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The justifications for raising heights fall flat

At last Friday’s rally at Washington Square Park against the N.Y.U. superblocks plan.

BY ANDREW BERMAN  |  Last month, some changes were announced to a controversial citywide rezoning plan — known as Zoning for Quality and Affordability — which would raise height limits for residential construction across the five boroughs.

The good news: The changes are a step in the right direction, eliminating or reducing some of the proposed increases in allowable height.

File photo.

The bad news: Most of the proposed increases are still in the plan, which thus will raise the height of new developments in our neighborhoods, but likely do little or nothing to increase the quality or affordability of new housing in New York. And the plan is moving toward the formal public hearing, review and approval process, with its ultimate fate to be decided by our community boards, borough presidents, the City Planning Commission and the City Council.

The plan would lift the height limits for new residential construction in “contextual zoning” districts — districts with explicit, required height limits intended to ensure that new development matches the context of its surroundings. In addition, the zoning scheme would also lift the optional height limits that developers are encouraged (through zoning incentives) but not required to follow in all other districts. The height limits, when raised, would go up modestly for market-rate developments, and more substantially — as much as 31 percent — for projects that set aside a fraction of units for affordable housing or affordable senior housing.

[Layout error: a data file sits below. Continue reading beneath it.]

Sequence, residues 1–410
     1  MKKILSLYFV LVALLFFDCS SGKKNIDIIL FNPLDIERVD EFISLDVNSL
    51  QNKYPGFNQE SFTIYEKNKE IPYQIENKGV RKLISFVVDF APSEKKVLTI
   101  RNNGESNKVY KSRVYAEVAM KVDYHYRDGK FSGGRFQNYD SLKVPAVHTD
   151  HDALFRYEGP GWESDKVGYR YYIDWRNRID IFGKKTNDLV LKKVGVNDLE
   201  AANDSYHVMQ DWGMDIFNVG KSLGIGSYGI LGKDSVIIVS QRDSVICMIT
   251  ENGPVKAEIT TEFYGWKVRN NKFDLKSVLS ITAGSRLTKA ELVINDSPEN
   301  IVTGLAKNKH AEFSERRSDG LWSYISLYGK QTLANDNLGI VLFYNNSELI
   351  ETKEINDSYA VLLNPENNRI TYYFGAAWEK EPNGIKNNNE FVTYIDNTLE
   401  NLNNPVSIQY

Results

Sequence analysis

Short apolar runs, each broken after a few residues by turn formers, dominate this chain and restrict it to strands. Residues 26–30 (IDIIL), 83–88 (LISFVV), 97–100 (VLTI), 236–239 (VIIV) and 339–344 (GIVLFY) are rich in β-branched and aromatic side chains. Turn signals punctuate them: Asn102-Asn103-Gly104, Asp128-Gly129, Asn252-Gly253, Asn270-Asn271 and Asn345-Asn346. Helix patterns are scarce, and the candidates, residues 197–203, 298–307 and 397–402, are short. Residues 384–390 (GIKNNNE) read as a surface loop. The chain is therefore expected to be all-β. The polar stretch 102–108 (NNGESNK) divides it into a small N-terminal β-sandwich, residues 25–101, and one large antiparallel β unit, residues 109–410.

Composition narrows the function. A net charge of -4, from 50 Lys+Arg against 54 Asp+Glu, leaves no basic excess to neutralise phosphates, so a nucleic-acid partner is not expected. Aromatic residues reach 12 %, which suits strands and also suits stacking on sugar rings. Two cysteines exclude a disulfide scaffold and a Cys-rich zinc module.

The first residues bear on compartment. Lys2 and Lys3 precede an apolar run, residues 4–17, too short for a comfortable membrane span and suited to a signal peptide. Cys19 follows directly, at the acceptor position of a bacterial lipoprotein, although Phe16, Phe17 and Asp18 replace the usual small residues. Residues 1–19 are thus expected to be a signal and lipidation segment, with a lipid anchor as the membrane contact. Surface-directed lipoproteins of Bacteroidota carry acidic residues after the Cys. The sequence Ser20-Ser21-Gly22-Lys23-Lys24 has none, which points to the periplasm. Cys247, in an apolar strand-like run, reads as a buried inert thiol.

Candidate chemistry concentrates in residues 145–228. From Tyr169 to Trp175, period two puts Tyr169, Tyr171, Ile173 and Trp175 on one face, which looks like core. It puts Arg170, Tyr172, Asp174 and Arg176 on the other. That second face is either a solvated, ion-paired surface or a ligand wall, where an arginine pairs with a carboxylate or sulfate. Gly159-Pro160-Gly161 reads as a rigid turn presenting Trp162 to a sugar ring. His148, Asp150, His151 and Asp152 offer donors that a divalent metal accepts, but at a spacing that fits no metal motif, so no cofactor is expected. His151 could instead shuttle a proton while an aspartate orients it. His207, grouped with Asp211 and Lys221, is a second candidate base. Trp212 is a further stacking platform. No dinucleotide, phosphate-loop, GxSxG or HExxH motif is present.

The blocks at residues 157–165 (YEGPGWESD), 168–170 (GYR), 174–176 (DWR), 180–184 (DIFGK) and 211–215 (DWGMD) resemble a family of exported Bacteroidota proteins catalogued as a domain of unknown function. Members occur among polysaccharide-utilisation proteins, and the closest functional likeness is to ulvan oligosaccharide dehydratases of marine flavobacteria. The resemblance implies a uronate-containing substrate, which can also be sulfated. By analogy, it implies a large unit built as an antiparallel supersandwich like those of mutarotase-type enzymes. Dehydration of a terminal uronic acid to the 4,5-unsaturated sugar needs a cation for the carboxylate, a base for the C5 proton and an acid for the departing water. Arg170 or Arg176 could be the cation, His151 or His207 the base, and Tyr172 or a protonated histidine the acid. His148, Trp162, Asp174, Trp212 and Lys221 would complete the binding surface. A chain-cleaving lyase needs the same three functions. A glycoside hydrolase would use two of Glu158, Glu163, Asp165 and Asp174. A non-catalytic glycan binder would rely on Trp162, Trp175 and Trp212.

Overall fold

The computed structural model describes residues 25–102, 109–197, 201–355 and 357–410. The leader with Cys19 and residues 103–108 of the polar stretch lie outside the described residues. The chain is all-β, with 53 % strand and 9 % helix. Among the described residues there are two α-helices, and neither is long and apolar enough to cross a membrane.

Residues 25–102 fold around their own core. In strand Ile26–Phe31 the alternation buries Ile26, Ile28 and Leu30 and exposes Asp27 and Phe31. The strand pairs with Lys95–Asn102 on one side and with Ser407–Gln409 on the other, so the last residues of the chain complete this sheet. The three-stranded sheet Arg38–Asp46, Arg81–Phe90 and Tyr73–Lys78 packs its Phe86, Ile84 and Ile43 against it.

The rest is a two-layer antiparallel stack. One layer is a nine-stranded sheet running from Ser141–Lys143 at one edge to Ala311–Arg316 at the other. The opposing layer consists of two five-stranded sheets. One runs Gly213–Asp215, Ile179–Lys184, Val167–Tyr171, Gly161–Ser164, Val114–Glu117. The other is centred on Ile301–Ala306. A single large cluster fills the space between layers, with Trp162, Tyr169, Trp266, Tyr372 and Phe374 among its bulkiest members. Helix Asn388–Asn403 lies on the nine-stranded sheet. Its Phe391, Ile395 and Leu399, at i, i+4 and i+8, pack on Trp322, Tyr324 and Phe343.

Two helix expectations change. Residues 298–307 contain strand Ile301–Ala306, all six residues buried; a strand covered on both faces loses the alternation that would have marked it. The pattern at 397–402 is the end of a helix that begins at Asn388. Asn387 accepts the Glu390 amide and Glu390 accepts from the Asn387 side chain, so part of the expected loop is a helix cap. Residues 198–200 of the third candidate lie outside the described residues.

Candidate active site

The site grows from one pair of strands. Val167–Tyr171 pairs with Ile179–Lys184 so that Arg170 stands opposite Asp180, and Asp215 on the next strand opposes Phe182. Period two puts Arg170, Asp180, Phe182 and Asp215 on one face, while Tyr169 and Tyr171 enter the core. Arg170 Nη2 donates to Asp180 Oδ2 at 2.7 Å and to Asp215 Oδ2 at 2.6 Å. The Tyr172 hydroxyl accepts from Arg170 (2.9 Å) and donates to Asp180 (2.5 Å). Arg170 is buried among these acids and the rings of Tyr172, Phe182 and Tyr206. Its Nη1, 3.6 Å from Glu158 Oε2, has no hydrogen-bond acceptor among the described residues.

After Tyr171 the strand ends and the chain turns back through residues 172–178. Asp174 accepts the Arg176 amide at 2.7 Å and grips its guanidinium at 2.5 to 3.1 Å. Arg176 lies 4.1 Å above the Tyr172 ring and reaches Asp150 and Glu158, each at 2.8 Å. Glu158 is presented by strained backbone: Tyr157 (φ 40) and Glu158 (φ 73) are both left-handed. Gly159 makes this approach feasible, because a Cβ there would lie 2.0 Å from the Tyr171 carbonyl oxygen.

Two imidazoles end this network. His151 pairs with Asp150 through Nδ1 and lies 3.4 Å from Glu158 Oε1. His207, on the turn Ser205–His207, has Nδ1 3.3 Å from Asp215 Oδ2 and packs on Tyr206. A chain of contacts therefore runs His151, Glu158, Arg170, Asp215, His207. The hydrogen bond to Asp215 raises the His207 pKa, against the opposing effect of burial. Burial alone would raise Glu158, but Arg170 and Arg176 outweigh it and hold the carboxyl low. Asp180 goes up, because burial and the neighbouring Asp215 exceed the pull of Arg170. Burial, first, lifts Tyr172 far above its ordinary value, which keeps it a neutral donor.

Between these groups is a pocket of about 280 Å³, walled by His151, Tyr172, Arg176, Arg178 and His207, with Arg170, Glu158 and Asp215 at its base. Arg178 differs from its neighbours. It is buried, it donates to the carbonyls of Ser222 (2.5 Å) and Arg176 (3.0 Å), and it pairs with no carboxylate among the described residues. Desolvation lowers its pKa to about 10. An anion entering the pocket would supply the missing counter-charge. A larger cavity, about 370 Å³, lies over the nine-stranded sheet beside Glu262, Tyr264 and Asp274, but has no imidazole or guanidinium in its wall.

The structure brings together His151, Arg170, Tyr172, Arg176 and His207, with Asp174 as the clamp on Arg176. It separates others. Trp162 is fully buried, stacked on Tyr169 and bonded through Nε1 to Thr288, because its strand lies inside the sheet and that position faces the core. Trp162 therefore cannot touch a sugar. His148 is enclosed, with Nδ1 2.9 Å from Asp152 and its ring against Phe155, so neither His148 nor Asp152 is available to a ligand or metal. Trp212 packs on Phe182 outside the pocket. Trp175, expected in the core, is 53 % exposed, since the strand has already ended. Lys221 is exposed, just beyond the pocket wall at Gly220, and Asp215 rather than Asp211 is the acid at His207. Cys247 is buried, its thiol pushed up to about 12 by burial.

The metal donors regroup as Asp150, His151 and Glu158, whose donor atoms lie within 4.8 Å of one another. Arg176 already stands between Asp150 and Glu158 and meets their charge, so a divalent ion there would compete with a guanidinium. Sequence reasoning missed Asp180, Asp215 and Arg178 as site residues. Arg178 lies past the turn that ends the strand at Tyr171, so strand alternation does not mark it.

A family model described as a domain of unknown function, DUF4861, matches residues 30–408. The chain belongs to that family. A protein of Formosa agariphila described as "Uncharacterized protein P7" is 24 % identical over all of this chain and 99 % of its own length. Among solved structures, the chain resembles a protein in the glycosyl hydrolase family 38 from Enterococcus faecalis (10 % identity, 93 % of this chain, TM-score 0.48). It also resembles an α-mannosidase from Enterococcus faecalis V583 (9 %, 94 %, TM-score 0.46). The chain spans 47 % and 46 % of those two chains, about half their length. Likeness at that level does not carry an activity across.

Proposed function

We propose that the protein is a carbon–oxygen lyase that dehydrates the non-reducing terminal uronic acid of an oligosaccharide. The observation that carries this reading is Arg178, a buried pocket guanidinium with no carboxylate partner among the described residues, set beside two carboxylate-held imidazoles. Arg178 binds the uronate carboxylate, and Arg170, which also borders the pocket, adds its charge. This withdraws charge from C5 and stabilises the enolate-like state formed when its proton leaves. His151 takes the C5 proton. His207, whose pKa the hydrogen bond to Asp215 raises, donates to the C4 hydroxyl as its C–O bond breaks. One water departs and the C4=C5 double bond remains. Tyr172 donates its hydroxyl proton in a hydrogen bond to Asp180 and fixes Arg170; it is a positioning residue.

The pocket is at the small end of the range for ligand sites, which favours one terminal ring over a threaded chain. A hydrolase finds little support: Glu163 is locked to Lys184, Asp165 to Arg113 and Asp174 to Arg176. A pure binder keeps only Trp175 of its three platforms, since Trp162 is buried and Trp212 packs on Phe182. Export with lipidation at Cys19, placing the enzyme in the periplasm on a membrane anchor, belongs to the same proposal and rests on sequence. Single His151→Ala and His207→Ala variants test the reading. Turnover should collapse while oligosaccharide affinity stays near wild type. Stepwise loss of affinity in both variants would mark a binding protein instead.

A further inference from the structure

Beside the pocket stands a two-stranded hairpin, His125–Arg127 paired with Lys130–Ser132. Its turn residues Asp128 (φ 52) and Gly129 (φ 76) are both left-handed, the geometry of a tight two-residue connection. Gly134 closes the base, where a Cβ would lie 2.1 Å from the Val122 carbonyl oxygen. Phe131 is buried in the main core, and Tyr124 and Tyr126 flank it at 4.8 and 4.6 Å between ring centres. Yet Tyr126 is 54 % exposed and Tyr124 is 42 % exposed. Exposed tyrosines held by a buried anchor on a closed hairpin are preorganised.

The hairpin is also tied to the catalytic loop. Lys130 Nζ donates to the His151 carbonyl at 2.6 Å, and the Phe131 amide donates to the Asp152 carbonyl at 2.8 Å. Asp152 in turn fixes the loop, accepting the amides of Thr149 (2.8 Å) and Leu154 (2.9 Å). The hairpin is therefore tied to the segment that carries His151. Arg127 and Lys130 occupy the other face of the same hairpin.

The changes would not only affect existing rules governing neighborhoods, including our own and others — rules that, in some cases, we fought long and compromised considerably for in order to secure. In fact, the changes would affect rules for future districts, as well, such as the contextual zoning districts we are seeking in the South Village and along the University Place/Broadway corridors, where developments 300 feet tall or higher are currently allowed.

The city’s premise is that raising height limits and loosening other requirements for new developments will make for “better quality” housing, with more attractive designs. But the evidence does not back this up. If you look at areas of the city with less-restrictive zoning, you tend to actually get less-attractive designs, not more.

So what’s the real reason for this proposed change? In some cases, developers cannot “max out” on their allowable square footage while abiding by the required height limits and including the high ceiling heights they like to charge exorbitant prices for. But do we really need to lift height restrictions in residential neighborhoods to accommodate that?

The city’s argument for the more dramatic increase in allowable height for developments with a small affordable or senior affordable component are equally flawed. These rules would apply only in a small percentage of the zoning districts throughout the city, so the premise that this plan is about creating more senior housing and more affordable housing seems woefully overstated, at best.

Right now, in a few areas — including a swath of the East Village — developers can opt into a program where they get to build bulkier buildings, with more square feet, in exchange for reserving 20 percent of units as “affordable.” Some builders choose to do this — they actually get to create more luxury units this way than they otherwise would have — but some don’t. The city contends if we lift the height limits in these areas, developers will build more affordable units.